This month, we’ve decided to go through and tell a series of stories related to Breaking Even Communications. The theme this month is ‘brand story’ and nothing helps you make a cohesive interesting story like telling several smaller ones and looking for a pattern.
Running a business is not just providing customers with a product or service. It’s how we work with each other (the employees) and how we see the bigger vision for the company. So it’s important to look at problems/solutions/values from not just our customers’ perspective but from an internal perspective.
We tell a lot of these stories in our ‘case studies’ section of our website and also in the occasional blog entry.
There are a couple reasons I don’t obsessively talk about our customers:
- I never want people to feel like we’ll only like them and learn from them if they are our customers.
- A lot of our work demands we be somewhat invisible. It’s about the business succeeding, not us doing the work.
Today’s story is a client story.
Problem: Client needed help improving his website. It was his first six figure year and he came back to us for more suggestions for improvement.
Solution: We looked at his website from the user point of view. We saw a few things (some non-obvious purchase links that could be made into buttons, some text that could be moved onto a different page, etc.) We even crawled all the links on the website (which took almost 24 hours with our internet connection and all the links the website had!) to find any dead links leading nowhere. Nothing seemed like a big deal.
I think most companies would have stopped there, thinking finding a few things was as good as finding one big thing… but I had a feeling something else was up.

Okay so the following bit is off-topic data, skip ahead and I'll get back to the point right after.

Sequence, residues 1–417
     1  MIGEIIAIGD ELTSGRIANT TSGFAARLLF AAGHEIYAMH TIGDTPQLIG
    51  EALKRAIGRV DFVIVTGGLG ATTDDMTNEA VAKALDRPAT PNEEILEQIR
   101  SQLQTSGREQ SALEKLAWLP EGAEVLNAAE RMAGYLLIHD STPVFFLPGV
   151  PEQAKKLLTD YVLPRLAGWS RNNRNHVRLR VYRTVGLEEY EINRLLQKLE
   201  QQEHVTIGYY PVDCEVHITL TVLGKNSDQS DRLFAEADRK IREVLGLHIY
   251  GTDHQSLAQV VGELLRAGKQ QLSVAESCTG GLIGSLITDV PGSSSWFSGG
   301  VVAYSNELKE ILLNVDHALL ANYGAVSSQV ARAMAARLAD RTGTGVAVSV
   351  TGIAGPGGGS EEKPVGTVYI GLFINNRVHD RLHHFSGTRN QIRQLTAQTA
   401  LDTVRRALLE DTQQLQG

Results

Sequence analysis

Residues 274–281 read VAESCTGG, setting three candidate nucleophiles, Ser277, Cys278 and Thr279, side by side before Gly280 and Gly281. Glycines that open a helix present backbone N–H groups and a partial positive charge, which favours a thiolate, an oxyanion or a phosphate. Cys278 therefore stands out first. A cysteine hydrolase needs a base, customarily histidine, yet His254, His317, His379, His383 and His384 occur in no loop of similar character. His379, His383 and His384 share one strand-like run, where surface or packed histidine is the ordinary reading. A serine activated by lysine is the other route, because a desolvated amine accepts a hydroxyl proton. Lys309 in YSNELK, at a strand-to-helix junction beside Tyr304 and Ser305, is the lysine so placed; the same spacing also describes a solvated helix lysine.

I found it, buried in the ‘User Flow’ in Google Analytics. 30% of traffic to the website was going to a defunct page that hadn’t been touched in three years that had old, no longer true information on it. How many of those thousands of people could be redirected to buy something, or even to more useful information?
Values demonstrated: Going on our gut, hard work, thorough work, multifaceted approach.
How could this story be improved? I will be the first to say, this story is not interesting. But often, you start with the skeleton of something that isn’t interesting.
Add details. What kind of business is this? Who owns it and what sort of awesome, self improvement-centric person hires a company to look at his site every year to see what he could do better? I should probably get his permission and really dig in. In reading this story, you should be able to say to yourself, “I know this person and this business and I really relate to Mr. X’s amazing drive to self improvement and hitting that big six figure goal he had for his business” (which he does part time by the way while doing a full time other job – how many can relate to that?) The more details, the more relatable.
Following up. Wouldn’t it be awesome if, say, at the end of this story, he was even more successful than he was before? If we found out people clicked on those sweet fat buttons that were now so much easier to see and make purchases from? If 25% of the people who hit that three year old page were redirected and made a purchase? Here’s the thing, this only happened a couple months ago. This will be a much better story when we know Part 2.
Adding something memorable. Gut and Google may be a good title for this. It may not only make people click (if that was a link of course) but it may help people remember that it’s one thing to use a tool like Google Analytics and it’s another to work with someone who has (and goes on) their gut feelings. A title is not the only thing that can be memorable in a story but thinking of a couple of details to make a story memorable is never a wasted effort.
Next round: an internal problem. A lot of businesses opt for silence when it comes to sharing internal problems (which we can’t say we argue with necessarily), but it’s a part of the story, too. Stay tuned for next week’s story!